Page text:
It is imperative that you do not get fearful in your voice or response. Try to keep as calm and monotone as possible without breaking a sweat and screaming “you can’t do that – what are you, nuts?” This is not about you. Your focus is totally on the other person.
Then, you make the issue third person. You say something such as, “let’s see if we can tackle this problem together. This problem needs addressing and I need your help to do that. Are you willing to take a few next steps with me to tackle it?” This way you separate the intimacy of the act and urgency of the feelings for the person.
You might say, “Susie, there is a new hotline number to call that will lead you to some more healthy options than what you’re currently thinking right now. Is there any reason why you couldn’t call that number and get back to me immediately after the call? I care very much about you and would hate for anything to happen. Let’s see what these trained professionals have to say and then discuss that next.”
You are leading the person through to the next step. You are letting them know you are not freaked out by what they are saying. You’re not judging what they are saying. Nor are you allowing yourself to try to be the answer. What you are being is a stable and safe place for the person to be able to talk through their feelings.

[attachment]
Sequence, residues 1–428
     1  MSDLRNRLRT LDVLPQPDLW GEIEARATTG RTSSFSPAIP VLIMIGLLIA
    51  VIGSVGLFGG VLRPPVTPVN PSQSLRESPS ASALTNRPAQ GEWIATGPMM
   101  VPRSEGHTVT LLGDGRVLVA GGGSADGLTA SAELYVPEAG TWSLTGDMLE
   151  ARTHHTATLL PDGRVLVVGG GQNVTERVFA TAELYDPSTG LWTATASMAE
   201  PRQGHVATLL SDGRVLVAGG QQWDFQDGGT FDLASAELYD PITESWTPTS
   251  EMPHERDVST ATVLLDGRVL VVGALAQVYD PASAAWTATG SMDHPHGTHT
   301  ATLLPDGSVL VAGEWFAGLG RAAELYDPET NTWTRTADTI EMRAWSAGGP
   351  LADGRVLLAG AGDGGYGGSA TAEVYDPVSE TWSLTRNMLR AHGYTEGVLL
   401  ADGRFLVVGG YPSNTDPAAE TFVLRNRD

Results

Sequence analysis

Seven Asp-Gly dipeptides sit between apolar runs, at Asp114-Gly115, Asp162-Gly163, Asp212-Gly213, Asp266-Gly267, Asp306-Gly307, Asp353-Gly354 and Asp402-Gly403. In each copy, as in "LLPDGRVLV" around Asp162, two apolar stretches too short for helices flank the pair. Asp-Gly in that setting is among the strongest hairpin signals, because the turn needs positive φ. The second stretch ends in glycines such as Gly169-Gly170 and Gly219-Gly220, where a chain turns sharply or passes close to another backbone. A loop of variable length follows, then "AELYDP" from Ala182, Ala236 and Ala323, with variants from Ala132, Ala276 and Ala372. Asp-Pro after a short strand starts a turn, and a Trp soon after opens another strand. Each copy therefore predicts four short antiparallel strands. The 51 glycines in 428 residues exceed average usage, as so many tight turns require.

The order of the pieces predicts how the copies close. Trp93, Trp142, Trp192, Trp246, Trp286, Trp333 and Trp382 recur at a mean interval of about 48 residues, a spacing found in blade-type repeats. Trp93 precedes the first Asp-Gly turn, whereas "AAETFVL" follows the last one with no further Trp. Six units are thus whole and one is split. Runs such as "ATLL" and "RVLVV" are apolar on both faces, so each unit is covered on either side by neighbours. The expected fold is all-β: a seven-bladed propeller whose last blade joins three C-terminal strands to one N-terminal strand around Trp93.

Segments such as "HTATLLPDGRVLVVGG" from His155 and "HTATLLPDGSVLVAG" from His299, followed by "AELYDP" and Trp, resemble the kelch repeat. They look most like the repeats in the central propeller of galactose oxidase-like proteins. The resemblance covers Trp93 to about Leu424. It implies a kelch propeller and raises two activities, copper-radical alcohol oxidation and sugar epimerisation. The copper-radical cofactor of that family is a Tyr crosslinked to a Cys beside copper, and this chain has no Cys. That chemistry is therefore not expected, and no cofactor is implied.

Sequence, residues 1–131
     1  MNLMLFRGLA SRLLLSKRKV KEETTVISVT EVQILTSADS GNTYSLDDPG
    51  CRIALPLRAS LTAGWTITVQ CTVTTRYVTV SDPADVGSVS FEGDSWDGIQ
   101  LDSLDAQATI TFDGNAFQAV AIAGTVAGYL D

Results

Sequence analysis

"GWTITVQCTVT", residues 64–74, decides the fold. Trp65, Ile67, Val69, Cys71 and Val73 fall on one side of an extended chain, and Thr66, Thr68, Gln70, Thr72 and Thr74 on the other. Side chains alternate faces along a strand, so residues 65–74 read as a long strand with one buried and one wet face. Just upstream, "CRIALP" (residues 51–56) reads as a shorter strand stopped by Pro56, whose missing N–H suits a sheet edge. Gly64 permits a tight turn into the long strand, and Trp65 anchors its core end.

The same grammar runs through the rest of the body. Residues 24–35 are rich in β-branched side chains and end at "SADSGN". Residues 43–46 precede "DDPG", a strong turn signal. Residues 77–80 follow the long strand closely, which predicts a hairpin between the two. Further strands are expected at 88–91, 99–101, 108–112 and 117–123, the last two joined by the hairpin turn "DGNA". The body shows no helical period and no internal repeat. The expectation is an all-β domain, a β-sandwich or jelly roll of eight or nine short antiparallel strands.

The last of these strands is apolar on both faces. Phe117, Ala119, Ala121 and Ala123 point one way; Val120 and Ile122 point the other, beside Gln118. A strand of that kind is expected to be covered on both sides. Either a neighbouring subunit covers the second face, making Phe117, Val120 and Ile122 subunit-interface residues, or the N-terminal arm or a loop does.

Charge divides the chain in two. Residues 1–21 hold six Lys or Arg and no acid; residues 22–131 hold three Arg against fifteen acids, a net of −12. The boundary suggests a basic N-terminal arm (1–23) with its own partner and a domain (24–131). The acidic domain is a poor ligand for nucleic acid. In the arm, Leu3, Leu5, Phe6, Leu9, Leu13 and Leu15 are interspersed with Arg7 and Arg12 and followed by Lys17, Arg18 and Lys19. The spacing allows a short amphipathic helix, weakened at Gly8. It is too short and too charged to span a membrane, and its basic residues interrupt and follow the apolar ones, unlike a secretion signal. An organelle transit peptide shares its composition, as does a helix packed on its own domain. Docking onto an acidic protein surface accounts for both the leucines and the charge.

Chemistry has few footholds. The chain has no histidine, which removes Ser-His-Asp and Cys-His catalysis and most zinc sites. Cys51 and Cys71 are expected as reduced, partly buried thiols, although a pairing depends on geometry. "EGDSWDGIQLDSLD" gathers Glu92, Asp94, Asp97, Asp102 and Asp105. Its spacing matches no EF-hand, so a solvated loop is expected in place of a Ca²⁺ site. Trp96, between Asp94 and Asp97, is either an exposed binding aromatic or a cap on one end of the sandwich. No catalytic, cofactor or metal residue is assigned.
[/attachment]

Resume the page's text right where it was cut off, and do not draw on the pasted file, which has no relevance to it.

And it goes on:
It is also important that you do not phone the nearest relative or friend and spill your guts about what Susie has divulged to you. Obviously she trusts you to hold things in confidence. Your spilling of Susie’s story to anyone that has gossiping ears and would love to hear this juicy tidbit, is off the board. If it gets back to Susie, you have lost her confidence, her trust in you and she loses her hope. That is what hangs in the balance here.
I want to share that my friend not only made it through her crisis moment, she is thriving and doing great as I write this. Please also understand that suicidal ideation, also known as suicidal thoughts, are a temporary and fleeting thing. It will not be followed through with unless the person does not reach out and/or gets a very bad response when they do.